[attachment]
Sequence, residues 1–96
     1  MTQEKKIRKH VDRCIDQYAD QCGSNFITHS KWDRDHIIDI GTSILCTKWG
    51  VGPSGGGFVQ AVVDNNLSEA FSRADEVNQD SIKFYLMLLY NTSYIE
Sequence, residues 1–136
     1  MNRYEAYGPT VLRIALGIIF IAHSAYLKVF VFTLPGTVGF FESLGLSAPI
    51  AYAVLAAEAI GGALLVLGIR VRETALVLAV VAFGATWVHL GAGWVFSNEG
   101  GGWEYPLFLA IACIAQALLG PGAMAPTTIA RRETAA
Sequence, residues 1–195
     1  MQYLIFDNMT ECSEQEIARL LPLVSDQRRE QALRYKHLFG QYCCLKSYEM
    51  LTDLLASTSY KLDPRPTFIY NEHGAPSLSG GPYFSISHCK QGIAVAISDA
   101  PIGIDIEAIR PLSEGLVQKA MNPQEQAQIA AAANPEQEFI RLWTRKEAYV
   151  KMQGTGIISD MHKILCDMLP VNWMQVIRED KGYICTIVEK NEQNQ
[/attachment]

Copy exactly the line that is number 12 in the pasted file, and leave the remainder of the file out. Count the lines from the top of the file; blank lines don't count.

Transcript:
   151  KMQGTGIISD MHKILCDMLP VNWMQVIRED KGYICTIVEK NEQNQ